As also noted above, Record 5 is a document given to the Department by the Bank, which refers to PCAR. It contains detailed information on capital-raising options and is stated to contain some legally privileged information. The Department submits that disclosing this kind of information could cause the Bank to withhold such information. It says that in addition to board minutes, the Bank shares confidential and commercially sensitive information with it on an ongoing basis, which is a valuable supplement to its understanding of the banking sector. It says that there is a public interest in the Department continuing to access such information. Furthermore, it says that it is reasonable to expect that other banks would reconsider the basis on which they share information with the Department and reduce the level of information provided, which would not be in the public interest.
I have examined the specific content of both records and considered the Department’s submissions. I accept that the Bank gave the information concerned to the Department for specific purposes and in the expectation that it would not be disseminated further. I therefore accept that these records were given by the Bank to the Department in confidence and on the understanding that they would be treated by the Department as confidential. Given the Department’s function, I also accept that it is important for it to continue to receive further similar information from the Bank. I am satisfied that the Department finds this ongoing flow of information to be valuable to the exercise of its functions. I am further satisfied that disclosure would be likely to prejudice the giving of further similar information from the Bank to the Department. This is particularly in respect of the concerns expressed about the board papers and subsequent change in practice.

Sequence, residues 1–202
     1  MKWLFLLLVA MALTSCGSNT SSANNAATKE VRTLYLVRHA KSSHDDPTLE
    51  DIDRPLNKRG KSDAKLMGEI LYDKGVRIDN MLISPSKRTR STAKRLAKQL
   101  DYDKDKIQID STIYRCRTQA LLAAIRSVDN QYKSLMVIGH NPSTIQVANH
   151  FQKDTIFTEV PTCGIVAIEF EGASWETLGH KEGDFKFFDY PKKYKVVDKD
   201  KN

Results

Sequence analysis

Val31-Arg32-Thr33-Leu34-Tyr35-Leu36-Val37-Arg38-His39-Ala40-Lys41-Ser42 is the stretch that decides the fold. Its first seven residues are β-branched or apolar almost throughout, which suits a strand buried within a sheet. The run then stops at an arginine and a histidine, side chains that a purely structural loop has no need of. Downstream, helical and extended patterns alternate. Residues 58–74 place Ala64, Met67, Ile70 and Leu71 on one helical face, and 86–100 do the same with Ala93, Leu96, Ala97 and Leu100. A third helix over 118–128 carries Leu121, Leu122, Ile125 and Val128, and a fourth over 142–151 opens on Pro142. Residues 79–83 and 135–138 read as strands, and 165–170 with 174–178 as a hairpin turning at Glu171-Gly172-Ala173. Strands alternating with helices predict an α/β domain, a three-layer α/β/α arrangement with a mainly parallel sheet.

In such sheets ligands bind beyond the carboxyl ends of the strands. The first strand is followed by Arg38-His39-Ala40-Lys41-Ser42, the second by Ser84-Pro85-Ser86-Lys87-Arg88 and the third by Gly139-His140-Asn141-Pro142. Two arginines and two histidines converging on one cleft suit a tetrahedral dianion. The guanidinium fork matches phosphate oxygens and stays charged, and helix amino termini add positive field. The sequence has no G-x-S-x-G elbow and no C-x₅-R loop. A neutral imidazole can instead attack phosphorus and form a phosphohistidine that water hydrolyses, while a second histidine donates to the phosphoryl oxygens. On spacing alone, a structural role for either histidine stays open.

Having found that section 35(1)(a) applies to Records 2 and 5, I am then required to consider whether the public interest would, on balance, be better served by granting than by refusing to grant the FOI request, under section 35(3). On the one hand, section 35 itself recognises a public interest in protecting confidentiality. In this case, I accept that there is a public interest in protecting the confidentiality of these particular records, which serves the flow of information from the Bank to the Department. On the other hand, I must consider whether there is a public interest in disclosing the specific content of these records.
In carrying out any review, this Office has regard to the general principles of openness and transparency set out in section 11(3) of the FOI Act. Section 11(3) provides that an FOI body must have regard to the need to achieve greater openness in the activities of FOI bodies and to promote adherence by them to the principles of transparency in government and public affairs and the need to strengthen the accountability and improve the quality of decision making of FOI bodies. However, it is important to note that in The Minister for Communications, Energy and Natural Resources and the Information Commissioner & Ors  IESC 57, the Supreme Court found that a general principle of openness does not suffice to direct release of records in the public interest and “there must be a sufficiently specific, cogent and fact-based reason to tip the balance in favour of disclosure”.